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Updated Oct 8, 2013 - 2:56 pm

Arizona death row inmate set for execution Wednesday

PHOENIX — Barring last-minute action from the U.S. Supreme Court, Arizona
intends to execute Edward Harold Schad Jr. Wednesday, nearly 35 years after he
was charged with the murder of a Bisbee man.

Lawyers for the oldest inmate on the state’s death row have all but exhausted
their appeals, with just two final efforts at the nation’s highest court still
pending. That comes after a week where they failed to persuade a federal judge
and an appeals court to block the execution.

Schad told the state’s clemency board at a hearing last week that he has
accepted his fate.

“I’m 71. I don’t have many years left, but I would like to keep what I’ve got
and maybe get a few more, experience some of the green grass outside maybe,” he
said while asking the board to commute his sentence to life in prison. “If we
have to go down that road on Oct. 9 … I’ll get my last rites. I’ll go through
that. I mean, I have no fear.”

The board declined to recommend commutation to Gov. Jan Brewer.

Schad was on parole for a murder in Utah that involved the accidental 1968
strangulation death of a male sex partner when he was accused of killing Lorimer
“Leroy” Grove, 74. Grove’s body was found south of Prescott on Aug. 9, 1978,
with a rope knotted around his neck.

Schad was convicted in 1979 and sentenced to death, then retried and convicted
a second time in 1985 after the previous conviction was thrown out. The
conviction was upheld by the state Supreme Court in 1989 but since has been tied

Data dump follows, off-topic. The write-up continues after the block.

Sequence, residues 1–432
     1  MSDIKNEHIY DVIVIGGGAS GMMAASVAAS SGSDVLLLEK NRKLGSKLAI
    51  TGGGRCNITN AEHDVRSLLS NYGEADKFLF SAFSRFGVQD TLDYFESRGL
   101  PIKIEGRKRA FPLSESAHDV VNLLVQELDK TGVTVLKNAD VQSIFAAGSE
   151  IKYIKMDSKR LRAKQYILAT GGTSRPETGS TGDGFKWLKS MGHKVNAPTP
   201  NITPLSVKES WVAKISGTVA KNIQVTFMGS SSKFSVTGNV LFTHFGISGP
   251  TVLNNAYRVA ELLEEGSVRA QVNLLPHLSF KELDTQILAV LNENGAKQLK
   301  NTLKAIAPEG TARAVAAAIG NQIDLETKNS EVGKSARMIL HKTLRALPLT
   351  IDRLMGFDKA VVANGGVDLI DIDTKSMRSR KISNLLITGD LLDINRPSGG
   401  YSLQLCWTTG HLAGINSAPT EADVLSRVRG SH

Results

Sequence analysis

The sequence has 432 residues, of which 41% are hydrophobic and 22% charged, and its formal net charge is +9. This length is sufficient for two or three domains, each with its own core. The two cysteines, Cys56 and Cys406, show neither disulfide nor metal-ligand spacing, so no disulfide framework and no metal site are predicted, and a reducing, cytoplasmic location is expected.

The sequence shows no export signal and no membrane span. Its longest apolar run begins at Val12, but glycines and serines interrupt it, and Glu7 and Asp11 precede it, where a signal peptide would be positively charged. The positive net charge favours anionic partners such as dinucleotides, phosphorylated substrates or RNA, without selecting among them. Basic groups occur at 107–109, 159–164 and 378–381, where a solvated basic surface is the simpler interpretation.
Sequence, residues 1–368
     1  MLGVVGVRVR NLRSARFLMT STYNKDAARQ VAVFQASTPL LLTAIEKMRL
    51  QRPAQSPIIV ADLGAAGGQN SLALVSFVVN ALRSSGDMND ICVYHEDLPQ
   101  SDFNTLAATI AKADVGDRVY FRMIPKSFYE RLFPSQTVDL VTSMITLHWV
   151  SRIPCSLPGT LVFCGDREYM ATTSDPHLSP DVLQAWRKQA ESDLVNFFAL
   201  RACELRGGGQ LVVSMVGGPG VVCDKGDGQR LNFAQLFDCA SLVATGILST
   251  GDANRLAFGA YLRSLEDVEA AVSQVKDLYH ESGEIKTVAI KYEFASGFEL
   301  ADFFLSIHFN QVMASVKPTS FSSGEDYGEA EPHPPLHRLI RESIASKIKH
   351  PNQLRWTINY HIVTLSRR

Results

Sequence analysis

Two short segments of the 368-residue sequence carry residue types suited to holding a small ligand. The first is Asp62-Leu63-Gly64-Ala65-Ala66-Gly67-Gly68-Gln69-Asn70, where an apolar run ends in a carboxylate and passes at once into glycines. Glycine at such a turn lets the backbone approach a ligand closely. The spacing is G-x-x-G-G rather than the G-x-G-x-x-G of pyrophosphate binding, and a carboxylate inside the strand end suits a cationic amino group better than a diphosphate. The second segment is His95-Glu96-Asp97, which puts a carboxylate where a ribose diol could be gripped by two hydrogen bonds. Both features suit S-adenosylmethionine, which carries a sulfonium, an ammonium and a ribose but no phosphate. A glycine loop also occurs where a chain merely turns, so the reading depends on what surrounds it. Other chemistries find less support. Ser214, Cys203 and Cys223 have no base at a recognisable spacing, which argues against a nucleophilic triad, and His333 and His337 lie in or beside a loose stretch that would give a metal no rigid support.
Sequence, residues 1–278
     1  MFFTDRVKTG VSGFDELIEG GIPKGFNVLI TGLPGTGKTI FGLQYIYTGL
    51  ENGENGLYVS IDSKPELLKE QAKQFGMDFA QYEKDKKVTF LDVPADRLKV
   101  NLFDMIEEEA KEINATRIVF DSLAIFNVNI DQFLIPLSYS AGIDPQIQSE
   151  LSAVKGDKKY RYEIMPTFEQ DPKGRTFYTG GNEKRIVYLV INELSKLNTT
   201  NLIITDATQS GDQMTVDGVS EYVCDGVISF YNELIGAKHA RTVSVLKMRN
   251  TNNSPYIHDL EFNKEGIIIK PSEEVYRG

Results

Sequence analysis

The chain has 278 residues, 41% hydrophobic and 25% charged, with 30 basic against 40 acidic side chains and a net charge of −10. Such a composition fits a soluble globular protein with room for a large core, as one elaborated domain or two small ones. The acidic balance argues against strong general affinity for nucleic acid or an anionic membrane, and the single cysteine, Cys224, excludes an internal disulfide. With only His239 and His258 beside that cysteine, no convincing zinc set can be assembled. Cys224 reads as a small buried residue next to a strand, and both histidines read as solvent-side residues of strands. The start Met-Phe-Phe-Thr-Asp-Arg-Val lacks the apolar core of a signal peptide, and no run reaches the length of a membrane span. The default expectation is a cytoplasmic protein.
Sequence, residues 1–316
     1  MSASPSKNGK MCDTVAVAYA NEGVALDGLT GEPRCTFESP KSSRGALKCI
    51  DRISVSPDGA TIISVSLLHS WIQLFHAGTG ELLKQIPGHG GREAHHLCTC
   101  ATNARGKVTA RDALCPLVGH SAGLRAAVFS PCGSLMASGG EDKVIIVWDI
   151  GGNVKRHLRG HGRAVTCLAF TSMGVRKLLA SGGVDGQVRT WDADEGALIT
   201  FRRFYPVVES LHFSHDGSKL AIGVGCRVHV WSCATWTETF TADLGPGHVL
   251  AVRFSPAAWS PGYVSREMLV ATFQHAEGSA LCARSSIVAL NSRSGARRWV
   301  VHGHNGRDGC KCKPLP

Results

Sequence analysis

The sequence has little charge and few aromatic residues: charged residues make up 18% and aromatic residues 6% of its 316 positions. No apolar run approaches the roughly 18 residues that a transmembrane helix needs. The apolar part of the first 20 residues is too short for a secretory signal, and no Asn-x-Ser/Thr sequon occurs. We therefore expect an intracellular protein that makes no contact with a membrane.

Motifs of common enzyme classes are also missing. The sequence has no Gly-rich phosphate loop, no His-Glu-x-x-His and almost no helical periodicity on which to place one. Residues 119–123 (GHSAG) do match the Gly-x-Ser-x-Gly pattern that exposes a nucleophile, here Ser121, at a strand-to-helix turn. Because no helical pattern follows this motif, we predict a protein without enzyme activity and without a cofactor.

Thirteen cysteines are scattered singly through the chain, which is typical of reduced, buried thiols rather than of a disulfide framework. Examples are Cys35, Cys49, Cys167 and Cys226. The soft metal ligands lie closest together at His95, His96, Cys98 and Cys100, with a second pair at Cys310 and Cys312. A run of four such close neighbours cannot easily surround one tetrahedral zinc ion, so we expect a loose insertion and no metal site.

up in a series of federal court appeals.

The most recent appeals have centered on whether Schad’s trial lawyer failed to
present evidence of mental illness at his sentencing. His lawyers also are
trying to show that members of the Arizona Board of Executive Clemency are
pressured by Brewer’s staff to deny clemency in high-profile cases.

Schad, who was raised in the Syracuse, N.Y.-area, is the son of a World War II
bomber gunner who was shot down and spent more than three years in a German
prison camp. When he returned, the senior Schad suffered from alcoholism and
mental illness and regularly abused his wife and his oldest son, according to a
psychologist’s report filed in court. The report concluded that the younger
Schad, too, suffered from mental illness.

A top Yavapai County prosecutor told the clemency board that despite Schad’s
denial, he was twice convicted by juries that rejected his assertion of

“He doesn’t take any responsibility for what he did,” chief deputy Dennis
McGrane told the board. “Accidents two times, died of strangulation? I don’t
think so.”


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